There’s plenty of frustration at the White House and in the U.S. Congress, too. In August, when Sen. John Kerry, Massachusetts Democrat and chairman of the Senate Foreign Relations Committee, visited Kabul, he bluntly stated that if the Karzai government didn’t clean up corruption, it was going to be hard “to look American families in the eye and say, ‘Hey that’s something worth dying for.’”
On the battlefield, NATO’s top commander, U.S. Army Gen. David H. Petraeus, is banking on his plan to protect heavily populated areas, rout the Taliban from their strongholds and rush in better governance and development aid to win the Afghans’ loyalty away from the Taliban.
In February, NATO launched an offensive in Helmand province, the largest military operation in Afghanistan since the 2001 invasion. Nearly eight months after U.S. forces mounted a high-profile assault that ended Taliban control of the rural town of Marjah, U.S. Marines there are still clearing it. There are signs that governance is improving, though troops still face daily gun battles and an entrenched insurgency that shows no signs of easing soon.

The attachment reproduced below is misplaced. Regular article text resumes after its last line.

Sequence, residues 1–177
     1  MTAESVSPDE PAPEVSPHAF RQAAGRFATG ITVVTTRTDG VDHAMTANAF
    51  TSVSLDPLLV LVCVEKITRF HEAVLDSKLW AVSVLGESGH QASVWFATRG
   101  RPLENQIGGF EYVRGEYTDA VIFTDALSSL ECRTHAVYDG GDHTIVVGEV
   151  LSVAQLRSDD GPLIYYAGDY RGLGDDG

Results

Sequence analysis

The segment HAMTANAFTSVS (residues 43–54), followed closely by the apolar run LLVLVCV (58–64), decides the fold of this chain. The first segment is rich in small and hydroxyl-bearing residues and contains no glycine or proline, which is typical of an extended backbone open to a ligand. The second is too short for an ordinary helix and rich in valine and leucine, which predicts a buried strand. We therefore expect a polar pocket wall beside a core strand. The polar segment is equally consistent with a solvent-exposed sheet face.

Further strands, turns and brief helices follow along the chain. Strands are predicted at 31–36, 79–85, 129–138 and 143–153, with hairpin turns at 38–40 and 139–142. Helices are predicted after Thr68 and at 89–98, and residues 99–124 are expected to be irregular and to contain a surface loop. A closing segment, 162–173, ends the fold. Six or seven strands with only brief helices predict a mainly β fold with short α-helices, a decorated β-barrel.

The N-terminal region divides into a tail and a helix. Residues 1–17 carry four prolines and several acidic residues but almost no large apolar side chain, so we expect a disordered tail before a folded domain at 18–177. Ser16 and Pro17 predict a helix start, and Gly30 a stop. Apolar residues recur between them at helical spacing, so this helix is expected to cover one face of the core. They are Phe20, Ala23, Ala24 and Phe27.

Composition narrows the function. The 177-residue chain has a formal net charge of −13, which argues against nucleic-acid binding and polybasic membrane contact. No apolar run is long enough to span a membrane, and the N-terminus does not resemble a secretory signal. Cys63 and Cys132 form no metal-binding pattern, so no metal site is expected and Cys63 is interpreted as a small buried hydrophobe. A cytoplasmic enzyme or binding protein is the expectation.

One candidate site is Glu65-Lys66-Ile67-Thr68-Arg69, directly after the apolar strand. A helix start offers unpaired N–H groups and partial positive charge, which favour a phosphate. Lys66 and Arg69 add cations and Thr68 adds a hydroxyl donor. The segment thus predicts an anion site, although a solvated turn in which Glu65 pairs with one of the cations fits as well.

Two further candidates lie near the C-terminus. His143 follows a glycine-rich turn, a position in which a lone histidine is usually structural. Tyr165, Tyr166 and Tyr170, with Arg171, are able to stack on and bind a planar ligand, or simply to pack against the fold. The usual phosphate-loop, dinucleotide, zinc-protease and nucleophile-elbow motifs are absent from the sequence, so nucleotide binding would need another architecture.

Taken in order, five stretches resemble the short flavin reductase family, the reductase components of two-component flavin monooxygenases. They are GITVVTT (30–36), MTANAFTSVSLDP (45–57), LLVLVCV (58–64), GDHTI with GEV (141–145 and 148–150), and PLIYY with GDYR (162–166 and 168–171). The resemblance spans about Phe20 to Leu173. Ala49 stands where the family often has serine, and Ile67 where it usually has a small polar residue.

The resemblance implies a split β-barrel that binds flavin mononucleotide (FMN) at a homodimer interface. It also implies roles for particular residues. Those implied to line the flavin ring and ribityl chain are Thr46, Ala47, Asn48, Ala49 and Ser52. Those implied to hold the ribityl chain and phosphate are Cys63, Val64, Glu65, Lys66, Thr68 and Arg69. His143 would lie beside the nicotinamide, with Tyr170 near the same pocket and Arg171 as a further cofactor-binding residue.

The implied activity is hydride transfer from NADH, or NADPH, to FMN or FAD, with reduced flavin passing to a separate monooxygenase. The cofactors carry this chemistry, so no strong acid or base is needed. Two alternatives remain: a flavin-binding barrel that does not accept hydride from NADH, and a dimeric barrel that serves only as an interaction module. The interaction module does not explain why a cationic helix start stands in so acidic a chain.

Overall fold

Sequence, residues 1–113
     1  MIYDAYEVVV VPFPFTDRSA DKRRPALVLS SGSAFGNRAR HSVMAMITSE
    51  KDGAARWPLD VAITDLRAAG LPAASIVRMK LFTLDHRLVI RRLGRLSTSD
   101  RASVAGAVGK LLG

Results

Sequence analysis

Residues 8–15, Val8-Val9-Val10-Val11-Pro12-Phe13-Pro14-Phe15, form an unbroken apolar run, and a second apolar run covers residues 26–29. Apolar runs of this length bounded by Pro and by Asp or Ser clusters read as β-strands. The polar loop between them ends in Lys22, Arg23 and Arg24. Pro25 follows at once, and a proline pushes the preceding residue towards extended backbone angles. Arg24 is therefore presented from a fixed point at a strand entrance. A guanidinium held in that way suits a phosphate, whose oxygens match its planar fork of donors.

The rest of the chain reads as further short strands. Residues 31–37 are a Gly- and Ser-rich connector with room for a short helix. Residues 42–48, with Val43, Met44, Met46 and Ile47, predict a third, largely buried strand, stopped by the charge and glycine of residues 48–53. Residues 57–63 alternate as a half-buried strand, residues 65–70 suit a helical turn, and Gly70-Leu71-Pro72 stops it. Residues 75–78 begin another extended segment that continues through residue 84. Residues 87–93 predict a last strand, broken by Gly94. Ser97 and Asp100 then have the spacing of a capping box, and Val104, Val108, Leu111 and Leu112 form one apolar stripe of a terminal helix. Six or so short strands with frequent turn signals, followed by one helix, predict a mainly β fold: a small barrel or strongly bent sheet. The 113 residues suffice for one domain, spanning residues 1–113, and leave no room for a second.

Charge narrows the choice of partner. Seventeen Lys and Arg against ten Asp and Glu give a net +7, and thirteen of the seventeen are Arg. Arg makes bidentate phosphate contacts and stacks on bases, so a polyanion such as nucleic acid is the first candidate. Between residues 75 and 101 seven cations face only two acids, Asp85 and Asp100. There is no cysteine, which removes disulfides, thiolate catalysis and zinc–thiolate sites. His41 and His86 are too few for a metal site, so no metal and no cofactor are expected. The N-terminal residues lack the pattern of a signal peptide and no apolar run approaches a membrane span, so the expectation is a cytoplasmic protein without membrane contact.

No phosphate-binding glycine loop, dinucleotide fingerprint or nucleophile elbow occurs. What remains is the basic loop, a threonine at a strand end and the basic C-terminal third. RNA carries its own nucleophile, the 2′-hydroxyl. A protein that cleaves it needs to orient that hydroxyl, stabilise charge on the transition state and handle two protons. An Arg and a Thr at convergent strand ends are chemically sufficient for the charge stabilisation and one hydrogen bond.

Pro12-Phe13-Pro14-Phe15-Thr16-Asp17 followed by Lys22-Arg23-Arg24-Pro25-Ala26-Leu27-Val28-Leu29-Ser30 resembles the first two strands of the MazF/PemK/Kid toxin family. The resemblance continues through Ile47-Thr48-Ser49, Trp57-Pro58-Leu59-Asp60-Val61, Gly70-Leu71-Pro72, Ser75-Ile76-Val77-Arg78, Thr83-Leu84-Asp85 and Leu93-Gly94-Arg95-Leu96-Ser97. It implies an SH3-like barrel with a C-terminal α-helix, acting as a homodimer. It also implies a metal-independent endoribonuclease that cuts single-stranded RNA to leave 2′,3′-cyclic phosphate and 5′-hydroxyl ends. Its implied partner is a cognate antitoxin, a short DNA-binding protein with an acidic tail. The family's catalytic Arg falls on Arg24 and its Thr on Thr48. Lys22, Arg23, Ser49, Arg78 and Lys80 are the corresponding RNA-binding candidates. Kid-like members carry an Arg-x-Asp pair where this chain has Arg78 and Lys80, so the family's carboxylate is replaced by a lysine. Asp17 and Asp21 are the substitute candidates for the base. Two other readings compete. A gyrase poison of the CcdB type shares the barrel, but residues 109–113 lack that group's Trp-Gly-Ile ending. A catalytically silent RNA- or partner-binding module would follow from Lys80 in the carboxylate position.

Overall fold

Afghan and international forces are ramping up security in neighboring Kandahar province, where the Taliban insurgency was born. Fighting in and around the nation’s largest city in the south has been intense as coalition forces push into areas long held by insurgents. Failure in Kandahar would be a major setback for the NATO force.
“We’re still fighting the fight,” said Army Capt. Nick Stout, a company commander with the 101st Airborne Division’s 1st Battalion, 502nd Infantry Regiment, in Senjeray, capital of Zhari district northeast of Kandahar city.
“It kind of begs the question: What is it? What’s the answer?” he said at the joint U.S.-Afghan outpost near Kandahar.
“America alone is not the answer to stopping” the insurgency, said Capt. Stout, 27, who wasn’t old enough to order a drink in his home of Lake Orion, Mich., when the war began.
Commanders like Capt. Stout say the war will be won only if Afghan civilians start supporting the troops. Also, they say, the only way that will happen will be if the forces can provide enough security to enable people to break free of the fear and intimidation of Taliban threats. In some places, residents don’t even want to be seen talking to U.S. forces for fear of Taliban reprisals.
Ready to refute pundits who say the war is lost, Navy Adm. James G. Stavridis, the supreme NATO commander in Europe, has compiled a list of nearly 50 examples that the coalition is making progress. He shared them in a five-page letter Oct. 1 to defense chiefs in NATO nations.
In a 90-day period ending in early September, he wrote: